US dominance slides as THE ranking becomes top 800

The United States showed “signs of decline” in the Times Higher Education, or THE, World University Rankings 2015-2016, as did Japan and South Korea. Countries with improved performances in an expanded ranking that examined 1,128 universities worldwide and doubled its list to 800, include the United Kingdom and Germany.

Europe combined featured 345 universities in the global top 800 – more than two-fifths of all institutions, including 78 British universities – while there were 147 American institutions in the rankings released last Wednesday.

“There are signs of decline for the traditional Western powerhouse lower down in the table,” said THE in its rankings release. “The US now has 63 universities in the top 200, down from 74 last year, and 77 the year before.”

There are six American universities in the global top 10, down from seven last year, along with three British and one Swiss institution.

Caltech – California Institute of Technology – is in the top spot for the fifth year in a row, followed by the universities of Oxford, Stanford and Cambridge – all three institutions up one place since 2014-15 as Harvard dropped four places.

The Massachusetts Institute of Technology is in fifth place (up one place) followed by Harvard, Princeton, Imperial College London (up one place), the Swiss Federal Institute of Technology Zurich or ETH Zurich, and the University of Chicago. Berkeley and Yale dropped out of the top 10 this year, overtaken by ETH Zurich and Chicago.

There are universities from 17 countries in the global top 100, led by the US with 39 and followed by the UK (16), Germany (nine), the Netherlands (eight), Australia (six), Canada (four) and Sweden (three).

Switzerland, Singapore, Japan, China and Hong Kong each have two institutions in the top 100, and with one each are Belgium, France, Finland, Denmark and South Korea.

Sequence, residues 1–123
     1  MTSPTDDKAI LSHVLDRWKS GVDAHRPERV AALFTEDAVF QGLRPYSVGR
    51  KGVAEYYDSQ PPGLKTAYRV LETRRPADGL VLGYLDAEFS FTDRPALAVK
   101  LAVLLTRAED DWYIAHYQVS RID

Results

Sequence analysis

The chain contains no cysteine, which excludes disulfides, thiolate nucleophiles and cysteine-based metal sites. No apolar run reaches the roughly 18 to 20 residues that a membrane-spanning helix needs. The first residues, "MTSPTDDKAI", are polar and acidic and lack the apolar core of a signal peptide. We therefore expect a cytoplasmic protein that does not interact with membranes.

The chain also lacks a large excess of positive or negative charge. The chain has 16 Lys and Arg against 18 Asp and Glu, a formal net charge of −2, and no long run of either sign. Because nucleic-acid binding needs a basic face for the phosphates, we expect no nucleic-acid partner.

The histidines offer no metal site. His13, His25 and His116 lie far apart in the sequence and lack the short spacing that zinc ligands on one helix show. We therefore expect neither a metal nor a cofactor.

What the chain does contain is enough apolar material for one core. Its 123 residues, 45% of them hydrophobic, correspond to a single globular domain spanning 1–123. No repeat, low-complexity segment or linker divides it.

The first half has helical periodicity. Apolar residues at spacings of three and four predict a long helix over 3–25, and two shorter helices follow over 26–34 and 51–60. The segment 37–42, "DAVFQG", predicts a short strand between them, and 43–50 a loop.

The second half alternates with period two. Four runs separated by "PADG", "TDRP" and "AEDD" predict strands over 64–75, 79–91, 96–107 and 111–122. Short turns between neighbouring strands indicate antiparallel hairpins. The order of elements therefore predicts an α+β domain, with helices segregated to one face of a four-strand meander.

‘Dramatic expansion’

THE Rankings Editor Phil Baty wrote last month that “dramatic expansion” of the ranking had been made possible by bringing institutional data collection in-house.

The 800 universities included this year was double the 400 included in the rankings since 2011 and four times the list published from 2004-10.

“The move, at a stroke, ensures that the global rankings are truly global,” Baty claimed. The top 800 list includes 70 countries, against the 41 nations in last year’s top 400.

Baty urged caution when making direct comparisons between this year and last year, because of the expanded data sources.

“We are very excited by the inclusion in our rankings of so many institutions for the first time, and particularly of 29 countries, such as Nigeria, Kenya, Ghana, Oman, Qatar and Saudi Arabia that were not represented in last year’s rankings,” he told University World News.

Deepening the list also meant that more countries were better represented and many more universities would be able to benchmark themselves using the THE ranking.

While data was collected for 1,128 institutions from 88 countries, Baty wrote, it would not have been responsible to rank all of them and some were not eligible.

As before, the rankings methodology contains 13 indicators that measure teaching (30% of the overall score), research (30%), research influence – citations (30%), international outlook (7.5%) and knowledge transfer – industry income (2.5%).

The first research category is mainly based on an academic reputation survey that gleaned responses from more than 10,000 senior academics in 2014-15, while research assessment covered more than 11 million papers (up from six million last year) and 51 million citations.